CWC broadcast students crew PBS broadcasts from LegislatureMar 3, 2013 By Katie Roenigk, Staff Writer
Some lessons can only be learned through experience.
For example, when filming a live broadcast during the winter in Wyoming, it's best to bring along warm clothing.
"When you try to (roll up a cable) outside in negative 30 degree weather in a snowstorm, it's a different ordeal completely," Central Wyoming College broadcast student Shawn Fagnant said this week.
He should know. For the past several years Fagnant and other broadcast students from CWC have headed to Cheyenne during sessions of the Wyoming Legislature to work as crew members for Wyoming PBS, helping with weekly Capitol Outlook shows and the governor's annual state of the state address. During their time in Cheyenne, they load and unload equipment, set up cameras and lighting and assist with filming in general, experiencing every aspect of a live, mobile shoot.
"Last year when I went down for Capitol Outlook I got to interview the governor one-on-one," Fagnant said.
The opportunity to work with a professional crew is unique according to CWC assistant broadcasting professor Amanda Nicholoff.
"Thanks to Wyoming PBS (being) right next door to us, the students have really an unmatched skill training level," she said.
"Nowhere else at the university or college level (do) broadcasting students have a chance to work with a state-of-the-art, high-definition production truck."
The young broadcasters also direct fund drives and film sporting events for PBS, gaining experience locally before being chosen to contribute in Cheyenne.
"Our confidence comes from competence," student Kye Funk said. "We have so much experience."
Having worked together for years, the CWC students have developed efficiency on the job. Fagnant said their abilities have been noted by members of the PBS crew.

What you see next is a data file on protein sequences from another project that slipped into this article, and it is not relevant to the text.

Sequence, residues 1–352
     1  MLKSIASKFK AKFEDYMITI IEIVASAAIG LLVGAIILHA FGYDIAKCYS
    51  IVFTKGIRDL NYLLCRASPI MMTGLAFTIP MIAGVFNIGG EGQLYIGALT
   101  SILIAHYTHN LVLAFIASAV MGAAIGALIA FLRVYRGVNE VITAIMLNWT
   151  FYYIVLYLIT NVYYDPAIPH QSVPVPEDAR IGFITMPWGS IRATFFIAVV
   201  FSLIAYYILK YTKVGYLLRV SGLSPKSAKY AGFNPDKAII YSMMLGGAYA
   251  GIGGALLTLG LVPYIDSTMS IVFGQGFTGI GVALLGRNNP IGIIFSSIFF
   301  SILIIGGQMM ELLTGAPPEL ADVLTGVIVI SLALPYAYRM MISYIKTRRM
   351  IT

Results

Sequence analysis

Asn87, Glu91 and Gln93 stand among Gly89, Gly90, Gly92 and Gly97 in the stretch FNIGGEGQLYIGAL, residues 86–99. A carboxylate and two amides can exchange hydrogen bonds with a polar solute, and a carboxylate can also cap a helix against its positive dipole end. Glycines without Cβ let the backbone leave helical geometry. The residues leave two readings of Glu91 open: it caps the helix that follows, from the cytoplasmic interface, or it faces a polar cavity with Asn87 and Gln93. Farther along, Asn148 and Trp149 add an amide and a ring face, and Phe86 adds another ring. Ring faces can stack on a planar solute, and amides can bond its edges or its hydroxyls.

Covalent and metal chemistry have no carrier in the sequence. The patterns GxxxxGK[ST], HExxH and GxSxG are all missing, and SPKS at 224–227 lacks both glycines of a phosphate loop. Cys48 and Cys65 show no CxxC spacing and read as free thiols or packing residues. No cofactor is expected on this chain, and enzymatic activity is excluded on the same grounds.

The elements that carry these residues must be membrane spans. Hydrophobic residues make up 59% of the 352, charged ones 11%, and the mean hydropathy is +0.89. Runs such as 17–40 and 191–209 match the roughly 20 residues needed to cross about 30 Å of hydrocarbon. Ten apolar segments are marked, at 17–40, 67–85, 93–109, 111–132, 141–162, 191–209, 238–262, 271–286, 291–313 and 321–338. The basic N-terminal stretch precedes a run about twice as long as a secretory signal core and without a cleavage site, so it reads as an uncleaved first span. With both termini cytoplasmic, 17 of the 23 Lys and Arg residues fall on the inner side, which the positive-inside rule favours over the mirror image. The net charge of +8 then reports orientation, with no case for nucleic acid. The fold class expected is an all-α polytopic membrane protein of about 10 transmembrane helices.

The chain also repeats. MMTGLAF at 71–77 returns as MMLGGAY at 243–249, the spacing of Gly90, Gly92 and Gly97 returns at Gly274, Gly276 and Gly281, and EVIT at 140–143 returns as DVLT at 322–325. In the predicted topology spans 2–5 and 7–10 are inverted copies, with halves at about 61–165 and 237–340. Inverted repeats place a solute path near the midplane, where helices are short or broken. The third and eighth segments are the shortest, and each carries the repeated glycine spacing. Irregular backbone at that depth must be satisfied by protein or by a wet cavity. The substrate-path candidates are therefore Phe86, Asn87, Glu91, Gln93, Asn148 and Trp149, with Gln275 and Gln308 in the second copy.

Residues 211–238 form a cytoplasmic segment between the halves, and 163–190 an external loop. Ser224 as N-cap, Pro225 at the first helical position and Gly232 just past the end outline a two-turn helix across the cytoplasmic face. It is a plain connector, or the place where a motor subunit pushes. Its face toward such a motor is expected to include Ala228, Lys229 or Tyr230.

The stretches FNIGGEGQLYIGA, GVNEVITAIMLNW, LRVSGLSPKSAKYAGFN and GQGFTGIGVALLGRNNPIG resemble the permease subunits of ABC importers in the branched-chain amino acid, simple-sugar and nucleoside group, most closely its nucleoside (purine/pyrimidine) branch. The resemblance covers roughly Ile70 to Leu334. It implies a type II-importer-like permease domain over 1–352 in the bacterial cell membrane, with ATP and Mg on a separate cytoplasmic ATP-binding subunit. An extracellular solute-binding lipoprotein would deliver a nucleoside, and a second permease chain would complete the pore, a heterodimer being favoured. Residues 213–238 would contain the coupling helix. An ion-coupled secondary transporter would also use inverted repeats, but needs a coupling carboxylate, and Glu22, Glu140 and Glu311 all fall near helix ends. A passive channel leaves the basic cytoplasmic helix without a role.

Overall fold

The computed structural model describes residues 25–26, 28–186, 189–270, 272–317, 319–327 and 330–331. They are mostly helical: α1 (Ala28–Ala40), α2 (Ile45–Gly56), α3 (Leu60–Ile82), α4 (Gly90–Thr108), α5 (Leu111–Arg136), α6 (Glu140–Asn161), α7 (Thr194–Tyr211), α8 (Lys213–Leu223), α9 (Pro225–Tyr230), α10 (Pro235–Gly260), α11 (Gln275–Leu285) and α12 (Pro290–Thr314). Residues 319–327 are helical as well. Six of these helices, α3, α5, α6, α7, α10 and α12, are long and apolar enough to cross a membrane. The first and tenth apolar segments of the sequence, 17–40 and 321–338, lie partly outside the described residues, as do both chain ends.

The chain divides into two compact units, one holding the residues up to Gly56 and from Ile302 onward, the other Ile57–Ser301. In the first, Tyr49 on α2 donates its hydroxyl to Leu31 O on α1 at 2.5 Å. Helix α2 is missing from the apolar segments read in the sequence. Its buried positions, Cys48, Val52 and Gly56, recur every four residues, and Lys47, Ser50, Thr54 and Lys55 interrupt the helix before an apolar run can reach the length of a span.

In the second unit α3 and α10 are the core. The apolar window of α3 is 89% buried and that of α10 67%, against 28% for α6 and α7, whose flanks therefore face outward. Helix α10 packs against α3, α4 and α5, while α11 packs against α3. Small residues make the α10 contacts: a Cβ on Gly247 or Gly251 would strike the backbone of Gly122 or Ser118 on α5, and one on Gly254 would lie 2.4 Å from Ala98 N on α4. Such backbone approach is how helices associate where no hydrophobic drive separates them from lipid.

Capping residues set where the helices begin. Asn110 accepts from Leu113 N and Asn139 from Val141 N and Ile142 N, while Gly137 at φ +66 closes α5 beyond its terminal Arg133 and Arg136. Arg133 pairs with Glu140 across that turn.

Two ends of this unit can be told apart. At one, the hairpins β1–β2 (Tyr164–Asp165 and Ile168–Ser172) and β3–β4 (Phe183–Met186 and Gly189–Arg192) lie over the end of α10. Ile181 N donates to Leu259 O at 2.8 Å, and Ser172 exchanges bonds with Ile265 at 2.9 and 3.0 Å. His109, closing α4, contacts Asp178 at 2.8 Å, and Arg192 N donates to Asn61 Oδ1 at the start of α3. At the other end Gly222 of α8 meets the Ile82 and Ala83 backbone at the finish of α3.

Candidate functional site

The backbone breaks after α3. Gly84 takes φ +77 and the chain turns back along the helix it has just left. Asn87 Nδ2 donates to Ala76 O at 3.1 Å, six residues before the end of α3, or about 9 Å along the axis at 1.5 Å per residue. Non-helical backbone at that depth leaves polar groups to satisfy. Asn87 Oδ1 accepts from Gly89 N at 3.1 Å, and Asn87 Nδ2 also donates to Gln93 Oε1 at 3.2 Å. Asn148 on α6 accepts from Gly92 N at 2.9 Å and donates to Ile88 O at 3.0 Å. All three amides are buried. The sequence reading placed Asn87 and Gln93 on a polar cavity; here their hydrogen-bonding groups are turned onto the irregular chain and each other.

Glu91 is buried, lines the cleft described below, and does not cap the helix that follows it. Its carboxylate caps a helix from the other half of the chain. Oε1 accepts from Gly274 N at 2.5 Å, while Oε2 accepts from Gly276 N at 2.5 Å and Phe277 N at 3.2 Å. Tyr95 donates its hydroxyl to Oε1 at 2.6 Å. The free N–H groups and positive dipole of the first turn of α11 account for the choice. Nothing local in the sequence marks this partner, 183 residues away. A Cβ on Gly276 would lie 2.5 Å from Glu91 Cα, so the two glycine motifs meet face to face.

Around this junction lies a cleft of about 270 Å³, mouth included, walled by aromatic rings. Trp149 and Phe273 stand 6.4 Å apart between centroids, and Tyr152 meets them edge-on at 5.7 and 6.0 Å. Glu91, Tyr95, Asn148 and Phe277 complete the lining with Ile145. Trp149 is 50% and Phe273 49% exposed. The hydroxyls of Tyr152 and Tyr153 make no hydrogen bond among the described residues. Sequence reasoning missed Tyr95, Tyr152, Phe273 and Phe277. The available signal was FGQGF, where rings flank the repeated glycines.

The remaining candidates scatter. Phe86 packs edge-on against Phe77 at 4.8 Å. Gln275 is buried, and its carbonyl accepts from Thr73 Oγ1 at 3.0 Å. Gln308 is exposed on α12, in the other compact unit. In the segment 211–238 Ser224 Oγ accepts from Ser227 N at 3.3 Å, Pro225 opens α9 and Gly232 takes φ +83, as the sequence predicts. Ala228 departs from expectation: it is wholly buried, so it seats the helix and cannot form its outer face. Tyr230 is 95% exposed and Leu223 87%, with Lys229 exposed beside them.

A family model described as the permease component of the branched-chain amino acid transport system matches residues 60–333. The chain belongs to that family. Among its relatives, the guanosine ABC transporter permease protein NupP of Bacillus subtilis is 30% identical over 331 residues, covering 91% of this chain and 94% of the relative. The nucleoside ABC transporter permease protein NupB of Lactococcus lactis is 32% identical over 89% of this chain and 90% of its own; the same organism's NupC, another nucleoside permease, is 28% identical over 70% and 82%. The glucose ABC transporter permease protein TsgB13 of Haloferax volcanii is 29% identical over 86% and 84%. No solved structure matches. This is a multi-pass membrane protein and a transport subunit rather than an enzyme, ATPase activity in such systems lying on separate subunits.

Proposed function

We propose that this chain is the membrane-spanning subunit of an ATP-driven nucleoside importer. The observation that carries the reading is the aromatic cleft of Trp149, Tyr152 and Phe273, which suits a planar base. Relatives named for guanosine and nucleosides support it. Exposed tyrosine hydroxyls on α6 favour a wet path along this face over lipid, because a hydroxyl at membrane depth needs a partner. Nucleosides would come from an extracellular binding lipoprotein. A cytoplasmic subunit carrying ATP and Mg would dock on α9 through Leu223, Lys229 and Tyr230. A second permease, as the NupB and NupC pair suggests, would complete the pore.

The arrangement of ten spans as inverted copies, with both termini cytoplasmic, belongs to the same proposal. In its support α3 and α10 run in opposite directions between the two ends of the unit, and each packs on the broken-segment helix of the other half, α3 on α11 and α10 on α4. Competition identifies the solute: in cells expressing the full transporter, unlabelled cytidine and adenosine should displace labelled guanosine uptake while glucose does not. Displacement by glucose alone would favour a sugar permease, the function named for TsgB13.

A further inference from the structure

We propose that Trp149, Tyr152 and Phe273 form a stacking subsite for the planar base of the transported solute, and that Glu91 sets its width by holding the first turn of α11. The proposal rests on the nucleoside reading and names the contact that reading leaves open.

"(They) say they're going to miss us when we're gone," he said. "They've come to expect a certain quality of work with us."
Caleb Blakeman said legislators notice the students' good work as well.
"(It) gives them an opportunity to see how their money's being spent," he said.
There are more lessons to be learned working live at the state capitol, however, like the importance of winter preparedness that Fagnant discussed. During their first stint on the PBS capitol crew, Fagnant and Blakeman said they didn't think about the weather.
"We were in Cheyenne one year moving cables when a snowstorm hit, and we weren't wearing gloves," Blakeman said. "Our hands would stick to the light stands."
Now they make sure to carry extra gloves as well as hats, coats, thick socks and handwarmers.
For student Ben Gale, who has worked in Cheyenne for the past two years, the proximity to state representatives motivated him to pay more attention to his appearance and demeanor.
"Before going down there I wasn't very professional," he said. "It helped me make that step of dressing and acting more professional."
He also has learned what it's like to work with subjects who are on a schedule.
"Senators are busy," Gale said. "They don't have time for us (to be slow)."
Blakeman said working for PBS will prepare the CWC students for jobs in the future. In fact, he and Fagnant already have worked on Hollywood documentaries and for American Idol, and Blakeman just finished a job with the Travel Channel.
"They were excited (that) we knew what was going into the shoot," he said of his professional employers.
"It goes to show the stuff we're learning actually translates into the field."